Drill Press with Wheel instead of 3 handles

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I don't understand the problem. I just went out and tried my own drill press. I grasp one of those 3 handles by the ball on the end and pull it toward me and down (let's say from 12 o'clock to 9 o'clock) to start the spindle downward. Then I simply let the ball slide in my fingers while I continue rotating (now, from 9 o'clock toward 6 o'clock) only now I am pushing the handle down and away from me, then pushing away and upward (from 6 o'clock to 3 o'clock) and finally, to complete one whole rotation, pulling up and toward me (as it moves from 3 o'clock to 12 o'clock). I can go round and round with no problems. If you can't do this, then a wheel wouldn't help, unless it had a handle sticking out. My vertical mill has one of those.
If this motion does not make sense to you or others, I suppose I could do a video, but it would only be about 3 seconds long.
Pete Stanaitis -------------
Puckdropper wrote:

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On 15 Feb 2011 02:17:11 GMT, Puckdropper <puckdropper(at)yahoo(dot)com> wrote: I like the setup on the shopsmith.. Only one handle/lever and it's short enough to spin 360 degrees if your drilling something that thick.. Oersonally, If I set my table height to just below the tip of the drill bit, I don't have a lot of travel to worry about.. You drilling through 8 or 10" thick stuff?

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"Rather than the 3 handles, are there any drill presses out there that use a wheel to advance the head?  Am I missing major drawbacks? Puckdropper"
I just saw an article (did not save it/bookmark it - sorry) about a fellow who exchanged the three handles for a large Pulley (maybe ten inches or so) and fixed a cord to it and the cord to a couple of pulleys mounted to the wall behind the drill press tying it off at a paddle affair mounted on the floor.
He could, then, hold the work with both hands - should the need or desire arise - and use the paddle affair on the floor to drill the hole(s).
I met a fellow in Florida a few years back who had modified his drill press so that the spindle could be made to "oscillate" up and down while turning. This feature allowed him to attach a drum sander to the press to finish work.
Back to the first "guy," guys, it would seem that, where the pulley large enough, it would serve as implied by the OP - although a smaller pulley would be better for the foot-operated approach as the limited range of the foot paddle (6" or so, as I recall) would significantly reduce the spindle travel were the wheel attached thereto very large.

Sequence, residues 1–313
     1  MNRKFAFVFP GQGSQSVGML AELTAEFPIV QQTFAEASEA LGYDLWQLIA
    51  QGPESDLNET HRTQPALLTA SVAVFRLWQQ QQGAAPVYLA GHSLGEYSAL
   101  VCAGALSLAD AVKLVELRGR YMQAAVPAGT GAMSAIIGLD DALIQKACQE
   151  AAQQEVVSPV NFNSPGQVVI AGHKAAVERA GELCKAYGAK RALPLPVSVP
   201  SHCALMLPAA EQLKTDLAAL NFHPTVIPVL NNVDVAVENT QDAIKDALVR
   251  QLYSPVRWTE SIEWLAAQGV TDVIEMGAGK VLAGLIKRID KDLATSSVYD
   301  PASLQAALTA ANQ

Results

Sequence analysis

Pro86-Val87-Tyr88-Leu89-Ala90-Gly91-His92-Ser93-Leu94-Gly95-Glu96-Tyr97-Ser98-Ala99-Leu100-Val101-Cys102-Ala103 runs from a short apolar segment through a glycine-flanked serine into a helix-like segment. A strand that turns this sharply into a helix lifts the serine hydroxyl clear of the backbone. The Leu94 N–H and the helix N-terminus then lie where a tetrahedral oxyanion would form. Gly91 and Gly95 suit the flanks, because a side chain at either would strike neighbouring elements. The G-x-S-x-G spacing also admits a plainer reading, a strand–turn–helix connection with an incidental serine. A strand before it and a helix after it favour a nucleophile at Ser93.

I wonder if one of those automotive steering wheel replacements (J.C. Whitney) wouldn't make a real comfy drill press wheel at a reasonable price. Years ago they sold some rather small replacement wheels - maybe ten inches in diameter. The spokes on some of these are set at an angle that should provide the requisite clearance.
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Puckdropper <puckdropper(at)yahoo(dot)com> wrote:

On many drill presses it's possible with a combination of workpiece, bit, and taple position, for full rotation of the handle to be blocked. With the 3 handles, you can then unscrew them one at a time and reinstall as you advance the drill head downwards. A less common arrangement, usually seen on older presses, is a sliding T-handle like a vise, that also avoids blocking the press feed handle with the workpiece or table.
--
There is always an easy solution to every human problem -- neat,
plausible, and wrong." (H L Mencken)
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On Feb 15, 5:31 pm, snipped-for-privacy@sdf.lNoOnSePsAtMar.org (Larry W) wrote:

Right. It's faster to remove the interfering handle than to break down and reset a jig or fixture.
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On 15 Feb 2011 02:17:11 GMT, Puckdropper <puckdropper(at)yahoo(dot)com> wrote:

I have been contemplating going to wally world and picking up a suicide knob. remember those? I wonder if one could be mounted to one of the DP handles? :-]
skeez
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1 in 3 chance it'll be on the right handle. Best to install one on each.
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Puckdropper <puckdropper(at)yahoo(dot)com> writes:

There are times I have to remove one of the handles to prevent the handle from hitting the odd-shaped piece of wood.
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